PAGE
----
Effects of dopamine-related gene–gene interactions on working memory component processes

Authors

  • Christine Stelzel,

    1. Department of Psychology, University of Heidelberg, Hauptstr. 47-51, 69117 Heidelberg, Germany
    2. Department of Neurology, University of Heidelberg, Heidelberg, Germany
    3. Department of Neuroradiology, University of Heidelberg, Heidelberg, Germany
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  • Ulrike Basten,

    1. Department of Psychology, University of Heidelberg, Hauptstr. 47-51, 69117 Heidelberg, Germany
    2. Department of Neurology, University of Heidelberg, Heidelberg, Germany
    3. Department of Neuroradiology, University of Heidelberg, Heidelberg, Germany
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  • Christian Montag,

    1. Department of Psychology, University of Bonn, 53111 Bonn, Germany
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  • Martin Reuter,

    1. Department of Psychology, University of Bonn, 53111 Bonn, Germany
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  • Christian J. Fiebach

    1. Department of Psychology, University of Heidelberg, Hauptstr. 47-51, 69117 Heidelberg, Germany
    2. Department of Neurology, University of Heidelberg, Heidelberg, Germany
    3. Department of Neuroradiology, University of Heidelberg, Heidelberg, Germany
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Dr C. Stelzel, 1Department of Psychology, as above.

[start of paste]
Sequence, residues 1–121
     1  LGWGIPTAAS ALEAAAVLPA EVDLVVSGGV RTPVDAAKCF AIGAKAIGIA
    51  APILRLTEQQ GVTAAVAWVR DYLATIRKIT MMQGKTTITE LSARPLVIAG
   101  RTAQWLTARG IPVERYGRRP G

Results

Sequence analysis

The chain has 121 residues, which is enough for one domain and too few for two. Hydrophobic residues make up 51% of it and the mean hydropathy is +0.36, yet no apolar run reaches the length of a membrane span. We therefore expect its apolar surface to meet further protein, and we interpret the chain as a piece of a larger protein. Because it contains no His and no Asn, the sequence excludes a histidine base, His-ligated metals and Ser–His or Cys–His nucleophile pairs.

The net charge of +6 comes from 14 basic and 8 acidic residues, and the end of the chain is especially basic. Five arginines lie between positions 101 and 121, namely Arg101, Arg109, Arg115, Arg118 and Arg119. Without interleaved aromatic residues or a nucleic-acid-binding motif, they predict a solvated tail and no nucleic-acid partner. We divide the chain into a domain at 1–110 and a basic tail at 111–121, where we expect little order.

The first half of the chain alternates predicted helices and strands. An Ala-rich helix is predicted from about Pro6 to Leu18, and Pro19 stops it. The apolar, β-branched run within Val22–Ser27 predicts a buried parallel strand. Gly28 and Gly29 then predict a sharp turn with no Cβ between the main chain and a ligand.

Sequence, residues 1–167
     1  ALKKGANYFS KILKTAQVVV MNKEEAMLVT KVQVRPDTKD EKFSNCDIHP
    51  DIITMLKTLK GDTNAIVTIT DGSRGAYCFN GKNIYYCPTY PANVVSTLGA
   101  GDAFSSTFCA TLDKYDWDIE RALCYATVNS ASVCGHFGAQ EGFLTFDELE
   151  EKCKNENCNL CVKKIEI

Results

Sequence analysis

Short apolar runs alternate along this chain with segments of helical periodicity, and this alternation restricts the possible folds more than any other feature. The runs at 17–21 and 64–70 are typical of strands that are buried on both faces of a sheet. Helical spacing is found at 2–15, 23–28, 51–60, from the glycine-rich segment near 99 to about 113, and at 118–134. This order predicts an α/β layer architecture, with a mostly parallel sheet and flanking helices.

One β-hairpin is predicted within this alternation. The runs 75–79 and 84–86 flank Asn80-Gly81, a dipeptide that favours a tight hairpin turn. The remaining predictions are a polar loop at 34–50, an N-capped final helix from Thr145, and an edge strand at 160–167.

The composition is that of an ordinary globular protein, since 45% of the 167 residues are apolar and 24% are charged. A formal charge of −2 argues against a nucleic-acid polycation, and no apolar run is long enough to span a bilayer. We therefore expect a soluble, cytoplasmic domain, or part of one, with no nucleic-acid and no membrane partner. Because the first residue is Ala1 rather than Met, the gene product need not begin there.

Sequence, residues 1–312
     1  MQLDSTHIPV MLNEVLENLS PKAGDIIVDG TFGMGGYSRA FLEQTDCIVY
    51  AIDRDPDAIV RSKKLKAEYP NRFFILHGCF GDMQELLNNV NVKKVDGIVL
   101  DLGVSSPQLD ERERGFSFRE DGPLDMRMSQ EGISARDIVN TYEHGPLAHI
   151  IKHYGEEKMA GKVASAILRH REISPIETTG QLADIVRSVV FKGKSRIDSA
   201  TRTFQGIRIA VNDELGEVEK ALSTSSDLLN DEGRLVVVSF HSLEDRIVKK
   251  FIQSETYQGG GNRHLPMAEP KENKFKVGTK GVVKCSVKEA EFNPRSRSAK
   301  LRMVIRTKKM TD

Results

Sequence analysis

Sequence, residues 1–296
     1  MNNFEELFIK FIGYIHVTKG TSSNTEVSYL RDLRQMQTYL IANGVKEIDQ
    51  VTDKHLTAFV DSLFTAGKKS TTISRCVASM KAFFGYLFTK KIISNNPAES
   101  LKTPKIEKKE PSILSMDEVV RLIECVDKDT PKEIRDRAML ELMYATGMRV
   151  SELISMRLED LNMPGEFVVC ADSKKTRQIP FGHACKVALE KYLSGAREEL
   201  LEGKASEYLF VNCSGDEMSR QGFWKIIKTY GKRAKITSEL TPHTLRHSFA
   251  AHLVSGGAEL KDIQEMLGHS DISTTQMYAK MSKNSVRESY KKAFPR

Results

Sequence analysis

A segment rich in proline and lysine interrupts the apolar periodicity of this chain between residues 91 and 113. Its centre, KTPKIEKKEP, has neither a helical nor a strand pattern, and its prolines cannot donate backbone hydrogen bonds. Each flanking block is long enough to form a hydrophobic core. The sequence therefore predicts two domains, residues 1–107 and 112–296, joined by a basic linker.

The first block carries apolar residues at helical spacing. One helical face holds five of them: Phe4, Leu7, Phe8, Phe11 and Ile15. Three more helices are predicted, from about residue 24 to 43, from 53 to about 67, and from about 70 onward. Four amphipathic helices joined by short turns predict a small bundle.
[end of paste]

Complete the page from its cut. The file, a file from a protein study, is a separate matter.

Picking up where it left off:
E-mail: christine.stelzel@psychologie.uni-heidelberg.de

Abstract

Dopamine modulates complex cognitive functions like working memory and cognitive control. It is widely accepted that an optimal level of prefrontal dopamine supports working memory performance. In the present study we used a molecular genetic approach to test whether the optimal activity of the dopamine system for different component processes of working memory is additionally related to the availability of dopamine D2 receptors. We sought evidence for this assumption by investigating the interaction effect (epistasis) of variations in two dopaminergic candidate genes: the catechol-O-methyltransferase (COMT) Val158Met polymorphism, which has been shown to influence prefrontal dopamine concentration, and the DRD2/ANKK1-Taq-Ia polymorphism, which has been related to the density of D2 receptors. Our results show that COMT effects on working memory performance are modulated by the DRD2/ANKK1-TAQ-Ia polymorphism and the specific working memory component process under investigation. Val− participants – supposedly characterized by increased prefrontal dopamine concentrations – outperformed Val+ participants in the manipulation of working memory contents, but only when D2 receptor density could be considered to be high. No such effect was present for passive maintenance of working memory contents or for maintenance in the face of distracting information. This beneficial effect of a balance between prefrontal dopamine availability and D2 receptor density reveals the importance of considering epistasis effects and different working memory subprocesses in genetic association studies.

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